Ball of Fat 3
But there was something in the air, a something strange and subtle, an
intolerable foreign atmosphere like a penetrating odor—the odor of invasion. It
permeated dwellings and places of public resort, changed the taste of food, made
one imagine one's self in far-distant lands, amid dangerous, barbaric tribes.
The conquerors exacted money, much money. The inhabitants paid what was asked; they were rich. But, the wealthier a Norman tradesman becomes, the more he suffers at having to part with anything that belongs to him, at having to see any portion of his substance pass into the hands of another.
Nevertheless, within six or seven miles of the town, along the course of the river as it flows onward to Croisset, Dieppedalle and Biessart, boat-men and fishermen often hauled to the surface of the water the body of a German, bloated in his uniform, killed by a blow from knife or club, his head crushed by a stone, or perchance pushed from some bridge into the stream below. The mud of the river-bed swallowed up these obscure acts of vengeance—savage, yet legitimate; these unrecorded deeds of bravery; these silent attacks fraught with greater danger than battles fought in broad day, and surrounded, moreover, with no halo of romance. For hatred of the foreigner ever arms a few intrepid souls, ready to die for an idea.
At last, as the invaders, though subjecting the town to the strictest
discipline, had not committed any of the deeds of horror with which they had
been credited while on their triumphal march, the people grew bolder, and the
necessities of business again animated the breasts of the local merchants. Some
of these had important commercial interests at Havre —occupied at present by the
French army—and wished to attempt to reach that port by overland route to
Dieppe, taking the boat from there.
Through the influence of the German officers whose acquaintance they had made, they obtained a permit to leave town from the general in command.
A large four-horse coach having, therefore, been engaged for the journey, and ten passengers having given in their names to the proprietor, they decided to start on a certain Tuesday morning before daybreak, to avoid attracting a crowd.
The ground had been frozen hard for some time-past, and about three o'clock on Monday afternoon—large black clouds from the north shed their burden of snow uninterruptedly all through that evening and night.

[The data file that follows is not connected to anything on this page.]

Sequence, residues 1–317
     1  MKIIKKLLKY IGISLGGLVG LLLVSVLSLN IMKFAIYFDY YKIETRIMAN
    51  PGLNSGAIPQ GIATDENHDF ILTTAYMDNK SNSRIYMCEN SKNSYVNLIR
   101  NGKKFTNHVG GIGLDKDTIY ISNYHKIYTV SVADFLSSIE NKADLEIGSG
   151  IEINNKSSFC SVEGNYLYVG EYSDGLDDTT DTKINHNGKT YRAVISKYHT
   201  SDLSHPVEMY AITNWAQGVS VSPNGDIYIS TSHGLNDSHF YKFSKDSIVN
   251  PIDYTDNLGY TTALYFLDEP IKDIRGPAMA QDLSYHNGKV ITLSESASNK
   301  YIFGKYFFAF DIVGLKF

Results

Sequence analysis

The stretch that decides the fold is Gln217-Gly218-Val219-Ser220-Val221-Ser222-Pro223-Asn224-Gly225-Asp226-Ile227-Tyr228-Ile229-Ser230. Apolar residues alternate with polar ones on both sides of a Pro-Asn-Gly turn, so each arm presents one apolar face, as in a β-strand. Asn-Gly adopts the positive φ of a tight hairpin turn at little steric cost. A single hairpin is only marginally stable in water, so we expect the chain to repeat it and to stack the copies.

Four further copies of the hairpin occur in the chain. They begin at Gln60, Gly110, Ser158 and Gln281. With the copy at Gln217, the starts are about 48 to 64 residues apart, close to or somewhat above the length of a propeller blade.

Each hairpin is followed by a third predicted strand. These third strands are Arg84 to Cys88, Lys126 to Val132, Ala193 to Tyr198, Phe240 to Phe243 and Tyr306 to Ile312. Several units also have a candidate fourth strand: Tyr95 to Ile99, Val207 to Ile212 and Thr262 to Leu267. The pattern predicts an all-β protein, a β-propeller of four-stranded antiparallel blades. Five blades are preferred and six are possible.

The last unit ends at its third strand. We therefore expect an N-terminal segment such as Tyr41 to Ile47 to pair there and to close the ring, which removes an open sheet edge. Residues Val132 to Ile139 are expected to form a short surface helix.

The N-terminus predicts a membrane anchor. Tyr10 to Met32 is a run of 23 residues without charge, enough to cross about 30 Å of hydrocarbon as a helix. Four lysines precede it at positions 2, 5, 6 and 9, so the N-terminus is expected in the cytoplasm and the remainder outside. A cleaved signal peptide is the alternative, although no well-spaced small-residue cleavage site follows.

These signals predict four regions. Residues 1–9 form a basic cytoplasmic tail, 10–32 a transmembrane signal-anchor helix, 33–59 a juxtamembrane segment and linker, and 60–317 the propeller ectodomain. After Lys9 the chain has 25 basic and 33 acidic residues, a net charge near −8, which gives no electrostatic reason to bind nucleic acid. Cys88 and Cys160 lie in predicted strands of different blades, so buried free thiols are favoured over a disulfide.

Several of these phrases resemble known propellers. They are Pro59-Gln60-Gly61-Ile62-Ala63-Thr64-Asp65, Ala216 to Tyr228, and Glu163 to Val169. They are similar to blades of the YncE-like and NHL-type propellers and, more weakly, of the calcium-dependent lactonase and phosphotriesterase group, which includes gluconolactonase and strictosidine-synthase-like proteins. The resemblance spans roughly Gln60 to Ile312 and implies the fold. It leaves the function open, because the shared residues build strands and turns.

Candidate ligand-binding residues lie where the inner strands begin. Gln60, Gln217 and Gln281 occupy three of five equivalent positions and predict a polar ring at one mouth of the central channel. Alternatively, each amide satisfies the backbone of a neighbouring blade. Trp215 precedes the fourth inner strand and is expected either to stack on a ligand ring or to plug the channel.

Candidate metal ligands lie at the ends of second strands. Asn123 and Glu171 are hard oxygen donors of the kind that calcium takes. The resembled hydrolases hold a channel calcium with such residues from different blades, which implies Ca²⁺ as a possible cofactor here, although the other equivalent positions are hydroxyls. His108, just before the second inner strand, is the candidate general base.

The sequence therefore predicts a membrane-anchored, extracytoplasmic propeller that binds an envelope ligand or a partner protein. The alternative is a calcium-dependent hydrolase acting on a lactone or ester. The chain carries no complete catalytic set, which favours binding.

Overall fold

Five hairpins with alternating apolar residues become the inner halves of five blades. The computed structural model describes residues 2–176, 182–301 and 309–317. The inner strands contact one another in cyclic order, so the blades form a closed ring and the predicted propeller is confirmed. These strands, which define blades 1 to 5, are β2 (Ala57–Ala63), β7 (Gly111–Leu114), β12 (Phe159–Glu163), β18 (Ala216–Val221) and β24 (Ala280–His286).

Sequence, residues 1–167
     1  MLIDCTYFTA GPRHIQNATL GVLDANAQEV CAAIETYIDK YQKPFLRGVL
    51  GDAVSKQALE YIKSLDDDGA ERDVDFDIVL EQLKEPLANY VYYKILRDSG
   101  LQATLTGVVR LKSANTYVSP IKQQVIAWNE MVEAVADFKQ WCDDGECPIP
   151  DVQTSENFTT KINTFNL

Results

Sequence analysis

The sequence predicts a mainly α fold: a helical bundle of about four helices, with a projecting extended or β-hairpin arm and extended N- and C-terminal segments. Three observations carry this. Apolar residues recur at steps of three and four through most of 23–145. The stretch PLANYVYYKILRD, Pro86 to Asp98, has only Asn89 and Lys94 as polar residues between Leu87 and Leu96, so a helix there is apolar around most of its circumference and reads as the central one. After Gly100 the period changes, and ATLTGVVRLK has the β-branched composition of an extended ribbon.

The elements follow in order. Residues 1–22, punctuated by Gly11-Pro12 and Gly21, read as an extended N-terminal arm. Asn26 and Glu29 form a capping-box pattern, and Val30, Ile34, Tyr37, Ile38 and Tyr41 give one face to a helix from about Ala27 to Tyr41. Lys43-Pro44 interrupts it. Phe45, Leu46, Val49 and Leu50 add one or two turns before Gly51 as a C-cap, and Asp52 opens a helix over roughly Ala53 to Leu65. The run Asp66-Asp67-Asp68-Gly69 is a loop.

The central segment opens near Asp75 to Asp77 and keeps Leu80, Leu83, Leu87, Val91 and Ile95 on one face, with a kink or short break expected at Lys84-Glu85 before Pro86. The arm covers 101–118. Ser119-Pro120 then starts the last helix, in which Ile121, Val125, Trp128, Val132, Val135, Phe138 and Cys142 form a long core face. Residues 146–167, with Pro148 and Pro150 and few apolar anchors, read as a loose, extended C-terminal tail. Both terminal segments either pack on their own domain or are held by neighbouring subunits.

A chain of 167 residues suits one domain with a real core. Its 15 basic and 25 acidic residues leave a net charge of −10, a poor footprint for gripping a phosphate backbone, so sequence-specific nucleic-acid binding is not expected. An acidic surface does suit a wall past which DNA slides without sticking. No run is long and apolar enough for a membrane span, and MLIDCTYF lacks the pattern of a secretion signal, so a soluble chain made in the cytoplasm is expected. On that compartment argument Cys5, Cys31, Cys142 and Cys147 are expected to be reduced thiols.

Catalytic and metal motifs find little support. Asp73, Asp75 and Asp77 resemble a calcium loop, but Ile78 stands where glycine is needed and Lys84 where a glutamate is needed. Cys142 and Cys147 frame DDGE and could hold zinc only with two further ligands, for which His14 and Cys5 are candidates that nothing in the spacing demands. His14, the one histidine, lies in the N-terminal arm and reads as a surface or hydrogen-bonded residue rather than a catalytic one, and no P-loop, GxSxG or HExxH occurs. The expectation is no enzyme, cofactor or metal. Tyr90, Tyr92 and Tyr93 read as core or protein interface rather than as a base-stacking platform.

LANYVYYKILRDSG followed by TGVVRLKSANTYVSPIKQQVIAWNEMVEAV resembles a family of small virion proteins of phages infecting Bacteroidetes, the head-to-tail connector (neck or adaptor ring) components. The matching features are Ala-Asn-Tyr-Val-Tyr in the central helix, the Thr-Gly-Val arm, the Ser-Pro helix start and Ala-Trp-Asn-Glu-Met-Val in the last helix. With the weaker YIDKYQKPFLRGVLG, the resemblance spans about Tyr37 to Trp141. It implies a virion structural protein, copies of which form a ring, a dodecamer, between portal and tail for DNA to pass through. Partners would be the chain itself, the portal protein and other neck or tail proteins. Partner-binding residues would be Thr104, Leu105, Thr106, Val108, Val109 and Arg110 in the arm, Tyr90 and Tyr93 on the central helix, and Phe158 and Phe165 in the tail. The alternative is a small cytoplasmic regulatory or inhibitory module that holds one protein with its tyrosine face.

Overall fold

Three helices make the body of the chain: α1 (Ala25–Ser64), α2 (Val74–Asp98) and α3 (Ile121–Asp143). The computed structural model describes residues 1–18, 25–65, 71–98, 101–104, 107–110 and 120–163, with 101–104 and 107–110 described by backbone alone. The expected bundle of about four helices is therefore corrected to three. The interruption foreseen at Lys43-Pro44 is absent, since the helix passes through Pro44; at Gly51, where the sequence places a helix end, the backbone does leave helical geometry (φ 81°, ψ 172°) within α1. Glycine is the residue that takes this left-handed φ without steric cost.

At half-past four in the morning the travellers met in the courtyard of the Hotel de Normandie, where they were to take their seats in the coach.
They were still half asleep, and shivering with cold under their wraps. They could see one another but indistinctly in the darkness, and the mountain of heavy winter wraps in which each was swathed made them look like a gathering of obese priests in their long cassocks. But two men recognized each other, a third accosted them, and the three began to talk. "I am bringing my wife," said one. "So am I." "And I, too." The first speaker added: "We shall not return to Rouen, and if the Prussians approach Havre we will cross to England." All three, it turned out, had made the same plans, being of similar disposition and temperament.
Still the horses were not harnessed. A small lantern carried by a stable-boy emerged now and then from one dark doorway to disappear immediately in another. The stamping of horses' hoofs, deadened by the dung and straw of the stable, was heard from time to time, and from inside the building issued a man's voice, talking to the animals and swearing at them. A faint tinkle of bells showed that the harness was being got ready; this tinkle soon developed into a continuous jingling, louder or softer according to the movements of the horse, sometimes stopping altogether, then breaking out in a sudden peal accompanied by a pawing of the ground by an iron-shod hoof.
内训培训网感谢您的访问。内训师姓名查询 内训师地区查询 内训师所在机构查询 内训师课程分类查询